Farage, whose party has been at the forefront of the "Leave" campaign, was scare-mongering in front of a photograph taken in October of migrants being moved to a refugee camp along the border between Slovenia and Croatia. Britain, unlike much of Western Europe, has its own border controls and hasn't had to cope with such an influx.
The controversial politician, moreover, was perhaps unaware of the resonance of his political messaging. On Twitter, some compared Farage's ad to images from actual Nazi propaganda that demonized Jews and other minorities in the aftermath of World War I.
Critics claimed that the poster was a sign of UKIP's and the pro-Brexit crowd's latent bigotry and racism. Guardian journalist Jonathan Jones likened Farage's stunt to the infamous 1968 "Rivers of Blood" speech delivered by Enoch Powell, a conservative politician who inveighed against immigration.
"I don’t think this UKIP poster creators would be insulted by the Enoch Powell comparison," Jones writes. "But look behind these faces, into the minds of the people who created the poster, and you will find those who assume we all share their unease with racial diversity. Do the great and generous British people that fought against the Nazi creed of race hate really want to give such types their day of triumph?"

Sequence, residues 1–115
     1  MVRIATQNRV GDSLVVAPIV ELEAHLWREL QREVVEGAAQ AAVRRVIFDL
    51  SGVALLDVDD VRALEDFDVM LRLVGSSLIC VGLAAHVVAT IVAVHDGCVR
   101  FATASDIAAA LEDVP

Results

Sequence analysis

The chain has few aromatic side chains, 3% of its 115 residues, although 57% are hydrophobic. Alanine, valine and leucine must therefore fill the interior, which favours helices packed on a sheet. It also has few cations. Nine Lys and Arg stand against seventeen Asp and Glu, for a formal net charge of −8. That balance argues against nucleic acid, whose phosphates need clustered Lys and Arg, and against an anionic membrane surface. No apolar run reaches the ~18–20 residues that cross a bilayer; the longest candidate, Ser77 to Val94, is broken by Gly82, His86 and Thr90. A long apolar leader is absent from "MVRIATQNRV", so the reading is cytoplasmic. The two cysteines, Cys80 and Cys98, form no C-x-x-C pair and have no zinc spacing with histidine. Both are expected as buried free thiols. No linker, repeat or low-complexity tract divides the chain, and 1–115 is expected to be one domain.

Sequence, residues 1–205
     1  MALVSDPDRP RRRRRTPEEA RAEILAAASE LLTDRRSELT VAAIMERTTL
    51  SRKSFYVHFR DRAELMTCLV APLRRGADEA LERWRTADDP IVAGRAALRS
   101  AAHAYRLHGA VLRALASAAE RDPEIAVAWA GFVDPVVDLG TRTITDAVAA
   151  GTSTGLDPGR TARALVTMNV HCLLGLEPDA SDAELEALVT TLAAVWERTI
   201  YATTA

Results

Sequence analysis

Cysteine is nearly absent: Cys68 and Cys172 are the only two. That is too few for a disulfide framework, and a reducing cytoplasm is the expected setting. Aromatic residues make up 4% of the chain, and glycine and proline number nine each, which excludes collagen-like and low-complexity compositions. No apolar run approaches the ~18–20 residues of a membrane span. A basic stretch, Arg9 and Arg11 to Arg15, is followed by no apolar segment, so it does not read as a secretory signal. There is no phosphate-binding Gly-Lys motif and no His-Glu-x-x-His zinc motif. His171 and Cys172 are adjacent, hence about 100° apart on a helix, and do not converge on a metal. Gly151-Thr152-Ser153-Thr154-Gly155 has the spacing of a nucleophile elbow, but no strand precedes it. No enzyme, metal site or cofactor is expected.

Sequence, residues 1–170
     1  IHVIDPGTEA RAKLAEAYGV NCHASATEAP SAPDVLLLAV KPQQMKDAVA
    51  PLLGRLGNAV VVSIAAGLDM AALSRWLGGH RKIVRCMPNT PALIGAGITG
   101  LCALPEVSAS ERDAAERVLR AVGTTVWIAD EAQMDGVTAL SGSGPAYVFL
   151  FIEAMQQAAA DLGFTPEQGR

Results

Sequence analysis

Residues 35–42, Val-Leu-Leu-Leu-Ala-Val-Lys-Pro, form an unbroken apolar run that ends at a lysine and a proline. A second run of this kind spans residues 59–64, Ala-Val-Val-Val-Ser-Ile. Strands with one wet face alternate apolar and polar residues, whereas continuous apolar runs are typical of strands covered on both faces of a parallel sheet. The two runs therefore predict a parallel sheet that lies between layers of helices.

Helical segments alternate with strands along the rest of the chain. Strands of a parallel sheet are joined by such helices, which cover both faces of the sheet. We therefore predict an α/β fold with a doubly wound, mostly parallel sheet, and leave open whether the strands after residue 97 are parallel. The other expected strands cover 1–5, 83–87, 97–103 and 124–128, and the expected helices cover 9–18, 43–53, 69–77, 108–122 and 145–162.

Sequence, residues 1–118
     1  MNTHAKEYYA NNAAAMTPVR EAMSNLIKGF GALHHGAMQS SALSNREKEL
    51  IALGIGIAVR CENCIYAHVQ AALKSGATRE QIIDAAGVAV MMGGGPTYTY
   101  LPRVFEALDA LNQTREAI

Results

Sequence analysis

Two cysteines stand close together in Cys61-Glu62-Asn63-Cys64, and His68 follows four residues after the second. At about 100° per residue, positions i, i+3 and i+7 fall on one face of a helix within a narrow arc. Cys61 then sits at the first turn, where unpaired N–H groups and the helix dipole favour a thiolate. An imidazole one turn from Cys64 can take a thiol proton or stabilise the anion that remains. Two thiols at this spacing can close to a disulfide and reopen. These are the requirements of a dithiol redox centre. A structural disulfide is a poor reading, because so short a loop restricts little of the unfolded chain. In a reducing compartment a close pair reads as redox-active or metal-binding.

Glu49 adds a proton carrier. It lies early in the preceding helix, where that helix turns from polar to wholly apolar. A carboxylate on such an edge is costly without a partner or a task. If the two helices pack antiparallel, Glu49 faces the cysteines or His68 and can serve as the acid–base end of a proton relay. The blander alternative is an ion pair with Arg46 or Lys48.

Farage defended himself, saying the hundreds of thousands of refugees entering Europe pose a security threat. "When ISIS say they will use the migrant crisis to flood the continent with their jihadi terrorists, they probably mean it," he said, using another term for the extremist Islamic State group.
This is only the latest stunt from Farage ahead of the referendum. The previous day, he led a pro-Brexit flotilla up the Thames, only to be met by a rival fleet mobilized by the "Remain" camp. Similarly, after Farage's controversial poster was unveiled on a truck, an opposition van followed bearing its own anti-Brexit message: "Don't wake up with Nigel next Friday."
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